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Publication #ENH328

Citrus spp.: Citrus1

Edward F. Gilman and Dennis G. Watson2


The dense, rounded crown of dark green, evergreen foliage and the pure white, extremely fragrant blossoms make citrus a popular garden choice for frost-free locations. Ranging from 12 to 30 feet in height and 8 to 25 feet in width, depending upon species and cultivar, citrus can be used for shade, to screen unwanted views, or smaller varieties can be used in containers. The juicy, fragrant fruits vary from yellow, orange, or red, and are most noticeable in winter.

Figure 1. 

Young Citrus spp.: Citrus


Ed Gilman, UF/IFAS

[Click thumbnail to enlarge.]

General Information

Scientific name: Citrus spp.
Pronunciation: SIH-trus species
Common name(s): Citrus
Family: Rutaceae
USDA hardiness zones: 9A through 11 (Fig. 2)
Origin: not native to North America
Invasive potential: has been evaluated using the UF/IFAS Assessment of the Status of Non-Native Plants in Florida's Natural Areas (Fox et al. 2005). This species is not documented in any undisturbed natural areas in Florida. Thus, it is not considered a problem species and may be used in Florida.
Uses: hedge; urban tolerant; deck or patio; screen; fruit; specimen; espalier; highway median; trained as a standard
Availability: not native to North America

Figure 2. 


[Click thumbnail to enlarge.]


Height: 12 to 30 feet
Spread: 15 to 25 feet
Crown uniformity: symmetrical
Crown shape: round
Crown density: dense
Growth rate: moderate
Texture: medium


Leaf arrangement: alternate (Fig. 3)
Leaf type: trifoliate, simple
Leaf margin: serrulate, crenate
Leaf shape: ovate, obovate
Leaf venation: pinnate
Leaf type and persistence: evergreen, broadleaf evergreen
Leaf blade length: 2 to 4 inches
Leaf color: green
Fall color: no color change
Fall characteristic: not showy

Figure 3.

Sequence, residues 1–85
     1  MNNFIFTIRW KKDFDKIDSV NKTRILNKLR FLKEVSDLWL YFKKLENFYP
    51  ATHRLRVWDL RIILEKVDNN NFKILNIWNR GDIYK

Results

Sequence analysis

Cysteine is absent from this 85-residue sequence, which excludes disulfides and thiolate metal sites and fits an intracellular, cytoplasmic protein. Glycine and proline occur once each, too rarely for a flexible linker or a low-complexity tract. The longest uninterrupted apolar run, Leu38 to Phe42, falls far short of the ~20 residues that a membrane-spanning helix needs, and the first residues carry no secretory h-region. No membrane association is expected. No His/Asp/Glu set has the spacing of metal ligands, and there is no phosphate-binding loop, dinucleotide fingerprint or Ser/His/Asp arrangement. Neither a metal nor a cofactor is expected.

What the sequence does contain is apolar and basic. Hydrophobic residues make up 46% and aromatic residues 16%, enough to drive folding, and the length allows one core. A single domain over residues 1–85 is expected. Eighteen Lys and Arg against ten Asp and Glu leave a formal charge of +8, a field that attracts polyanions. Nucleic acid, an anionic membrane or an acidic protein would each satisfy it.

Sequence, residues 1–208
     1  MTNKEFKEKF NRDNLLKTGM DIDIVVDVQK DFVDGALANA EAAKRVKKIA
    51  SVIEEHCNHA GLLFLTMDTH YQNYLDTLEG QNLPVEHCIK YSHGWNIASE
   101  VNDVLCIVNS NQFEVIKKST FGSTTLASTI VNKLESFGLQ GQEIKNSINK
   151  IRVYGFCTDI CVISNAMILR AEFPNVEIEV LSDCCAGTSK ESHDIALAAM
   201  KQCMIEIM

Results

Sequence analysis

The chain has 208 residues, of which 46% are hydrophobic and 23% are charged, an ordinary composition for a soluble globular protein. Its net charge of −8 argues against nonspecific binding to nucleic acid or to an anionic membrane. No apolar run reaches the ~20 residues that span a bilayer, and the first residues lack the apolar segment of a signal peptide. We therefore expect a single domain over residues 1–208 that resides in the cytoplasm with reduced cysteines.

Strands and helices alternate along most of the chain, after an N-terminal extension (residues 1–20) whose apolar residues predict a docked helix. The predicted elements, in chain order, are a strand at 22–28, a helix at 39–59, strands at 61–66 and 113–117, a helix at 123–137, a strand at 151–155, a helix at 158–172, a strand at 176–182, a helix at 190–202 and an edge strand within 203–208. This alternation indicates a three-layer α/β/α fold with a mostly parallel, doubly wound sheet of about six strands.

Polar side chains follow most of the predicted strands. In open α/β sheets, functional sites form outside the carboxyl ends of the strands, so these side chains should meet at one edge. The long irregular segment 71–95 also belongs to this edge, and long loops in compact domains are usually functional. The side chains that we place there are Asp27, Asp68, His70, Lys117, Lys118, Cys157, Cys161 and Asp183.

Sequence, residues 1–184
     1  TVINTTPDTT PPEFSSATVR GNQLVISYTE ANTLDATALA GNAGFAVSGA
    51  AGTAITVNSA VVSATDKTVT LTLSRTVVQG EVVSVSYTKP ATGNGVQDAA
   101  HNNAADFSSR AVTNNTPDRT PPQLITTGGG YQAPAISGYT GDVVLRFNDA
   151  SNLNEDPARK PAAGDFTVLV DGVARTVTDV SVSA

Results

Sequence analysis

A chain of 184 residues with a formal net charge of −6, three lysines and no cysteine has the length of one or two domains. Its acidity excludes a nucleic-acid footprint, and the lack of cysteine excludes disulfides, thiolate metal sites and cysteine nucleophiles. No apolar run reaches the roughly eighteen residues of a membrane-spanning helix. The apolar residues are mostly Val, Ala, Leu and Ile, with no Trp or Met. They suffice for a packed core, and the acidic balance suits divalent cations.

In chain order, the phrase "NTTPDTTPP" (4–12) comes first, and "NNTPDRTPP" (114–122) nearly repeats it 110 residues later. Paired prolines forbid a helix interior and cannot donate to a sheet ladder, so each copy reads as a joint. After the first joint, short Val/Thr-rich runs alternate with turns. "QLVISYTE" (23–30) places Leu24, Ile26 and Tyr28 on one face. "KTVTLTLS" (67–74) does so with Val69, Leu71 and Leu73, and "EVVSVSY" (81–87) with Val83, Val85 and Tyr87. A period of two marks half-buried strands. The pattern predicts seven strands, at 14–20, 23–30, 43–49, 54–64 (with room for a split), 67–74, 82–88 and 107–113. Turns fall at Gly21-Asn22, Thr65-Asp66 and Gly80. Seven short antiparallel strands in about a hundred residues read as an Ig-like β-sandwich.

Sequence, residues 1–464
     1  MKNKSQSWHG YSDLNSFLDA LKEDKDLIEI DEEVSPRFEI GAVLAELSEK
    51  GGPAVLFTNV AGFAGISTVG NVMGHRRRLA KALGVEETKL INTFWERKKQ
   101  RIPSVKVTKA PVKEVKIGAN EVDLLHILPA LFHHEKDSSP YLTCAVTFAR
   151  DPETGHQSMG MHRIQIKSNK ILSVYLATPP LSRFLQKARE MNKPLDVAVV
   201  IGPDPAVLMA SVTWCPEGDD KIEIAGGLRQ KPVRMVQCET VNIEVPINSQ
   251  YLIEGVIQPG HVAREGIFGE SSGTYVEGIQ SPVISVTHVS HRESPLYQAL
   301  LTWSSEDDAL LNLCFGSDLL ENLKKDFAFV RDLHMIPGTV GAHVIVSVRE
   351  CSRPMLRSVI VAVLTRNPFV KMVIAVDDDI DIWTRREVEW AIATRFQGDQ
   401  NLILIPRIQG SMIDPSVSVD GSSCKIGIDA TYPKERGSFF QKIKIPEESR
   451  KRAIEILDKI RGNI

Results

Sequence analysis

[Click thumbnail to enlarge.]


Flower color: white/cream/gray
Flower characteristics: showy


Fruit shape: round
Fruit length: 1 to 3 inches, 3 to 6 inches
Fruit covering: fleshy
Fruit color: orange, yellow, green
Fruit characteristics: attracts squirrels/mammals; showy; fruit/leaves a litter problem

Trunk and Branches

Trunk/bark/branches: branches droop; not showy; typically multi-trunked; no thorns
Pruning requirement: needed for strong structure
Breakage: resistant
Current year twig color: green
Current year twig thickness: medium
Wood specific gravity: unknown


Light requirement: full sun
Soil tolerances: clay; sand; loam; slightly alkaline; acidic; well-drained
Drought tolerance: moderate
Aerosol salt tolerance: low


Roots: not a problem
Winter interest: yes
Outstanding tree: no
Ozone sensitivity: unknown
Verticillium wilt susceptibility: resistant
Pest resistance: sensitive to pests/diseases

Use and Management

The green, thorny branches will rarely need pruning after a strong branch structure is developed. Prune so there is no bark embedded or pinched together in the branch crotches. This condition could cause the branch to break from the trunk when fruit loads it down. Prune out enough of the foliage on lateral branches so they remain less than half the diameter of the trunk.

Citrus should be grown in full sun on well-drained, slightly acid soil, and watered faithfully. Do not mulch the soil beneath citrus. It is very heat-tolerant and can be effectively used in a tough urban site such as a parking lot if dropping fruits will not pose a problem.

Many species of citrus are available. Citrus limon gives us lemons; Citrus reticulata, tangerines or Mandarin oranges; Citrus sinensis, sweet orange; Citrus aurantifolia, key limes; and Citrus paradisi, grapefruit.

Propagation is by grafting or layering.


Nematodes, scales, whiteflies, mites, caterpillars, fruitfly.


Virus and fungus diseases. Twig galls sometimes form in response to a fungus infection.

Literature Cited

Fox, A.M., D.R. Gordon, J.A. Dusky, L. Tyson, and R.K. Stocker (2005) UF/IFAS Assessment of the Status of Non-Native Plants in Florida's Natural Areas. Cited from the Internet (November 3, 2006),



This document is ENH328, one of a series of the Environmental Horticulture, UF/IFAS Extension. Original publication date November 1993. Reviewed May 2014. Visit the EDIS website at


Edward F. Gilman, professor, Environmental Horticulture Department; Dennis G. Watson, former associate professor, Agricultural Engineering Department, UF/IFAS Extension, Gainesville FL 32611.

The Institute of Food and Agricultural Sciences (IFAS) is an Equal Opportunity Institution authorized to provide research, educational information and other services only to individuals and institutions that function with non-discrimination with respect to race, creed, color, religion, age, disability, sex, sexual orientation, marital status, national origin, political opinions or affiliations. For more information on obtaining other UF/IFAS Extension publications, contact your county's UF/IFAS Extension office.

U.S. Department of Agriculture, UF/IFAS Extension Service, University of Florida, IFAS, Florida A & M University Cooperative Extension Program, and Boards of County Commissioners Cooperating. Nick T. Place, dean for UF/IFAS Extension.